Such moments can be found in mediation, on a walk in a beautiful place, or simply in some unlooked for instant going about routine tasks and they can also be found in art and literature. Proust and Joyce both wrote about epiphany in this way and Proust’s notion of an involuntary memory containing the past has this sense of the eternal breaking in, of another kind of time that is qualitative and belongs to an eternal present. The best poetry contains this transcendence — as Berger points out, every pause in an Emily Dickinson poem is redolent with eternity.

The impulse to write something in which the transient and the contingent becomes one with the sublime and numinous, with all that connects us and all that takes us beyond the illusion of past, present and future, occurs constantly — and if anyone achieves it there will be nothing left to say. What more can be added to such epiphany? But, as exquisite and profound as some literature is, no one has yet taken us to this place of silence and so writers keep writing, keep circling the Kairos.

It’s something I’m striving to negotiate with in A Remedy for All Things — how do we make the life of poet who despaired enough to kill himself, the lives of those who took on an unwinnable fight in the Hungarian Uprising (many losing their lives), the life of a writer who struggles with personal loss and grief, the lives of anyone who resists living the life handed to them by institutions and powers, matter? One way is perhaps to use fiction and imagination to mess with the notion of linear time, assert with Cervantes’ Quixote that ‘The unreason of the world is more insane than any fiction’ and we will resist the unreasonable, limiting, conventional world in favour of timeless moments.

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Writing of Politics and Religion

OLYMPUS DIGITAL CAMERAIn the UK, an island that suffers from not being continental, as demonstrated so resoundingly in the Brexit referendum, we are known for not talking about certain subjects — religion and politics are taboo at a dinner table in polite company. But life is not polite — it is messy, and ideology and belief are inescapable.

This is the End of the Story is set in the 70s, an era of strikes, the three-day week, and rising unemployment; an era of hot hot summers, droughts, psychedelic clothes, the Yorkshire Ripper… Life is so often both the best of times and the worst of times and I wanted a fiction that would reflect that. How? I have a lot of sympathy with Keats in hating poetry that has a palpable design on us and similarly with fiction — the overly didactic can be wearing (despite being able to think of wonderful exceptions), so I didn’t want rants or great expository lumps intruding in a novel that is essentially character-driven. I opted instead for a device that is used in the film version of The Children of Men (better than the original P D James novel in my opinion) — that of backgrounding the politics. In the film the dystopian devastation, protests and bombings take place behind the main action, slightly off-screen, and go uncommented. Anne Clarke does a similar thing in her excellent poetry collection, In the Margin, using events from the IRA’s mainland bombing campaign as asides that are barely noticed by the persona and her lover, caught up in an affair.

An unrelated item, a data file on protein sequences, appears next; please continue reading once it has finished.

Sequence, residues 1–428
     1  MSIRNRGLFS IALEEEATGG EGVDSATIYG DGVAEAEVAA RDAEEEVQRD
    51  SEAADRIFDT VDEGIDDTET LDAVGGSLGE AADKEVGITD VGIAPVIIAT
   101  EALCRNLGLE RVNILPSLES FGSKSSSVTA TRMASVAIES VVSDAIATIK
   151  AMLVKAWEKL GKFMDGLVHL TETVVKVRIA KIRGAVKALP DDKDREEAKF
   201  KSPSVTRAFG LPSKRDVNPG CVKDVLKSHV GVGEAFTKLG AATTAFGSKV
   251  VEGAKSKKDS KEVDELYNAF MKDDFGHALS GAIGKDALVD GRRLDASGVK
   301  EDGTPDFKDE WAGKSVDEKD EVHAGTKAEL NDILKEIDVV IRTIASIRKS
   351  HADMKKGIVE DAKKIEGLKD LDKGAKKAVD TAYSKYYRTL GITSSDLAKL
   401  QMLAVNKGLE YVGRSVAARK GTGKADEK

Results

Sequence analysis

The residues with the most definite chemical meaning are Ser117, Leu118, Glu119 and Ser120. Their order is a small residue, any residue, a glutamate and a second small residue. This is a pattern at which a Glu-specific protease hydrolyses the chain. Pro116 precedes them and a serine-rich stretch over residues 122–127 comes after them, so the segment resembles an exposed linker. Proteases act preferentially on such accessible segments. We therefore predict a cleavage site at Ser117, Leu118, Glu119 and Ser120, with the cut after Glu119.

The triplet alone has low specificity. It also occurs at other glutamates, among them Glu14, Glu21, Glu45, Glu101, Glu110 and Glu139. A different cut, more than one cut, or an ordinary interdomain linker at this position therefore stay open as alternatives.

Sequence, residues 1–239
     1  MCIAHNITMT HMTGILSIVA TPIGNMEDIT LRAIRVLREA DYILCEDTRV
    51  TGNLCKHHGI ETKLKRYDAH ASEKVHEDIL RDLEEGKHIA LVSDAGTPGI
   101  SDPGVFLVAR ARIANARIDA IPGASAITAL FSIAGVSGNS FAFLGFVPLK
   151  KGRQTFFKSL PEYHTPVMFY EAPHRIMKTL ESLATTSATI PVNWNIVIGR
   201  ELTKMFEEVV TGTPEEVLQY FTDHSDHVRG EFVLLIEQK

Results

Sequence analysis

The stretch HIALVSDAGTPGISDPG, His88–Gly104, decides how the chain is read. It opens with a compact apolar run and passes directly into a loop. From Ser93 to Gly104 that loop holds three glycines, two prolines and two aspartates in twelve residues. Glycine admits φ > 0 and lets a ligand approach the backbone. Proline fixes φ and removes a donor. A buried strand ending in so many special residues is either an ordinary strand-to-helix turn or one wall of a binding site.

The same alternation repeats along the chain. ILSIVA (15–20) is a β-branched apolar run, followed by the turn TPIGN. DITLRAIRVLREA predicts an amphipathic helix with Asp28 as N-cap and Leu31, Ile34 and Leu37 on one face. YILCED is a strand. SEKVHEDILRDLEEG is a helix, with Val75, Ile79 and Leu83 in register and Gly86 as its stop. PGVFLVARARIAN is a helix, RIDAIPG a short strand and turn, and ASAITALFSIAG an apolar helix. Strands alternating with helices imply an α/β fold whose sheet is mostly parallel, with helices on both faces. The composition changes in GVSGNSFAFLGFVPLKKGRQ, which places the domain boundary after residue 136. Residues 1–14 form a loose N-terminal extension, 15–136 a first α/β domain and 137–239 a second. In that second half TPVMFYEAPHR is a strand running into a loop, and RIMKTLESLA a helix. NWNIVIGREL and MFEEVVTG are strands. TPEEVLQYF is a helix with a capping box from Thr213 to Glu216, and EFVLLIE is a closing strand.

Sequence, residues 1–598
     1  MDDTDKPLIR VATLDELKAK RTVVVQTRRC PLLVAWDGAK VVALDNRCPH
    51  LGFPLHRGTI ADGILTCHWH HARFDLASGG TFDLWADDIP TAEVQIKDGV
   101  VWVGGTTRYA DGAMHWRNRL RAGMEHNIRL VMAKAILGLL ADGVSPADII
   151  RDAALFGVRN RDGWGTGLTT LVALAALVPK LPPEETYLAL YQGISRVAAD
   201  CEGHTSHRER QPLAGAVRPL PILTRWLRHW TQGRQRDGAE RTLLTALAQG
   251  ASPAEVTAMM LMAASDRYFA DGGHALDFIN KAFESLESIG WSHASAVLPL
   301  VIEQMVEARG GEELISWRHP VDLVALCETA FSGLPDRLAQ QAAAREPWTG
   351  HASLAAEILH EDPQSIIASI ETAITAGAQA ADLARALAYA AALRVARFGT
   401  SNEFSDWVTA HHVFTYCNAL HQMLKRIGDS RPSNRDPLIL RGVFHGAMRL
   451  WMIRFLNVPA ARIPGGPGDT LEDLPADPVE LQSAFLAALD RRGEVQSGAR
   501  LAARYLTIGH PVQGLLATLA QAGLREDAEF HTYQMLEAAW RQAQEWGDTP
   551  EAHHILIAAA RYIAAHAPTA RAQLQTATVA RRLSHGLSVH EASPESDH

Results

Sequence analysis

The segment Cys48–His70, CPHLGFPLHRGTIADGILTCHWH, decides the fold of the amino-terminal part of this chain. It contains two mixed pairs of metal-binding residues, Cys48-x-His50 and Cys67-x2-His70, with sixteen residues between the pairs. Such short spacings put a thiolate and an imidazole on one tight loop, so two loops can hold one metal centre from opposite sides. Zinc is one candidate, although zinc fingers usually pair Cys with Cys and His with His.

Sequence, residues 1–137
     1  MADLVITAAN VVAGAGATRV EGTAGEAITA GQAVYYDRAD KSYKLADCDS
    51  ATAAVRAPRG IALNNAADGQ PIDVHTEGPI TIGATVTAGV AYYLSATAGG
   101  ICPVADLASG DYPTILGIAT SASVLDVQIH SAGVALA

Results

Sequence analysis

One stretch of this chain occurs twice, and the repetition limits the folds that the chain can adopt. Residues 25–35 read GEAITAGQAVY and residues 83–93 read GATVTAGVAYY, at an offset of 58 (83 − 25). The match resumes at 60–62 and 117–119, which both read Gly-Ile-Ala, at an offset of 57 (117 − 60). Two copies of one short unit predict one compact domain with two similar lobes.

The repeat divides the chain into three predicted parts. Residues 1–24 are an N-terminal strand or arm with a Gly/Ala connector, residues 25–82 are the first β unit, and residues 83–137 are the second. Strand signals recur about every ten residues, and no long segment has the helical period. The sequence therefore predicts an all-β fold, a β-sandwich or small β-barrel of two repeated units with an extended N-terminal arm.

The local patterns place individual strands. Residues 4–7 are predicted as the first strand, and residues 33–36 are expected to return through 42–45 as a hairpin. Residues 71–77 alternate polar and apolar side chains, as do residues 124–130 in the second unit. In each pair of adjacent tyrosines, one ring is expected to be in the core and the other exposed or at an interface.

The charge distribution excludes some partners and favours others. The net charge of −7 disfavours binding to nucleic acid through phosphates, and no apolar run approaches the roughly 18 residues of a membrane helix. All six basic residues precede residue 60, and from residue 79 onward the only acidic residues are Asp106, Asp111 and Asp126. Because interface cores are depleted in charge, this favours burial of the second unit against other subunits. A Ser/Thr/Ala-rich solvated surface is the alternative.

A Quixote-inspired novel with a major character bent on the pursuit of justice can’t ignore political realities, but I’ve used vignettes, interleaved between the non-liner chapters in which the coming of age story plays out, to hint at the ambivalent attitude towards political engagement. And in each of these vignettes there is a report on the current music charts and, of course, the weather, partly because the weather is used as a metaphor for the story of the main chapters, but also because we live in a society that constantly undercuts the seriousness of world or domestic crises by placing them alongside the frivolous; in itself a political statement.

And religion? Cervantes is remarkable for his sympathy with Spain’s Moors. Towards the end of writing This is the End of the Story I went to Toledo to look for traces of Casilda, a young Moorish princess who later became a Christian saint buried at Burgos, in Northern Spain. Casilda is fascinating as someone who converted from Islam to become a Christian saint, whilst her unrequited lover, Ben Haddaj, reputedly returned to the religion of his fathers, Judaism, Casilda’s faithful nurse remained a loyal Muslim whilst staying with Casilda, and her brother and father were devout Muslims who had alliances with Christian princes. There are times when belief and tolerance live together, but that didn’t last in Spain, as in so many other places.

Visiting The Mosque of Cristo de la Luz, one of the few buildings in Toledo that would have been there exactly as it is now in Casilda’s life time, the breakdown of tolerance is recorded in stone — an apse built onto the beautiful little mosque, painted with Christ triumphant, a crucifix surveying all. Similarly, the exquisite synagogues in Toledo were taken over and ‘christianised’ as the Jews were later expelled from Spain. The move from Cosmopolitan to myopic, from tolerance to hatred was often swift and brutal. A familiar story.

I wanted to reflect that tension in This is the End of the Story so Miriam is the only Jewish girl in an otherwise homogeneous school, whilst Cassie is Christian, but stands out for being Catholic. They encounter intolerance from anti-Semitic bullies and a well-meaning, but insensitively evangelical, Anglican curate; the nature of belief — not only in any kind of deity, but in humanity or in goodness of itself, is a key theme in the book. It’s a theme I will return to in the second book, when Cassie, now Catherine, dreams the life of a Hungarian Jewish young woman imprisoned after the 1956 uprising, but, as I said in the last post, that’s another story, which begs the question — is this the end of the story?